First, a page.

The aim of this review was to investigate the effects of possible harmful waves from either cell phone use or being within the range of the cell phone from 450 to 3800 MHz on the thyroid cells and hormones. Eight electronic datasets were systematically searched using MeSH terms, including “cell phone,” “mobile phone,” “GSM,” “radio frequency,” “smartphone,” “triiodothyronine,” “thyroxin,” “thyroid-stimulating hormone,” “T3,” “T4,” “TSH,” and “morphological” and all possible combinations, to identify relevant studies published up to Dec 2018. We also manually searched the reference lists of potentially selected studies to identify further relevant publications. About 161 relevant studies were initially found. After screening titles and abstracts, 139 studies were excluded, and finally 22 studies (comprising 7182 cases) were included in the qualitative synthesis.
Of the 22 included studies, 11 studies reported changes in T3 and T4 levels (six reported a decrease in T3 levels and one reported increase in it); moreover, five found decreased T4 levels and two studies an increased level. In other 10 studies, TSH alteration was reported. Of these, two studies reported a decrease in TSH level and one reported an increase in the hormone levels, while in the remaining studies non-significant changes were reported. Finally, seven studies examined histological changes in the thyroid gland follicles and showed that the volume of these cells was reduced.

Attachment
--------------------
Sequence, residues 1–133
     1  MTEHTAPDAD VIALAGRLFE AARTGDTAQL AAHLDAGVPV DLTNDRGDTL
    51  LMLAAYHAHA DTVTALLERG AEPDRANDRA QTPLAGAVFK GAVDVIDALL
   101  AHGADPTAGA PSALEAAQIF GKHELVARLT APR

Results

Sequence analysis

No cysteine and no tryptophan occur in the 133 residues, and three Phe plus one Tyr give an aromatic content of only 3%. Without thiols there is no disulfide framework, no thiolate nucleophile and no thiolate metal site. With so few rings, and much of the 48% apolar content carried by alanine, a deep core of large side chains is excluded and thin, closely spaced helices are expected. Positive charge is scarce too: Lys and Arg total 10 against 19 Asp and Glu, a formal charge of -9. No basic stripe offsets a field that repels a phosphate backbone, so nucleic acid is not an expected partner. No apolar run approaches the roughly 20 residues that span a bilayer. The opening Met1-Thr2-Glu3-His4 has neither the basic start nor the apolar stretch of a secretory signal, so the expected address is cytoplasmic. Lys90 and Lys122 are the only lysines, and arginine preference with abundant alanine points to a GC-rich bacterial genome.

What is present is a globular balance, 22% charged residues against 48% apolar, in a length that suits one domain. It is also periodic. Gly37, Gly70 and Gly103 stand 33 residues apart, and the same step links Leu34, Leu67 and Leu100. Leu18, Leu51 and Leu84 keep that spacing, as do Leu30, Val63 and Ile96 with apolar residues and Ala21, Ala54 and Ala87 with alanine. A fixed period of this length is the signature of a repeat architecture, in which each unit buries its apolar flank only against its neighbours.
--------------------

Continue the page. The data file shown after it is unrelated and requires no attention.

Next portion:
Based on the evidence discussed above, the reduction in diameter of thyroid follicles is potentially linked with cell phone radiation. Exposure may negatively influence the iodine uptake in the thyroid gland or increases temperature effect on the thyroid gland. However, further research are needed in order to show that the level of TSH and thyroid hormone suppression by microwave.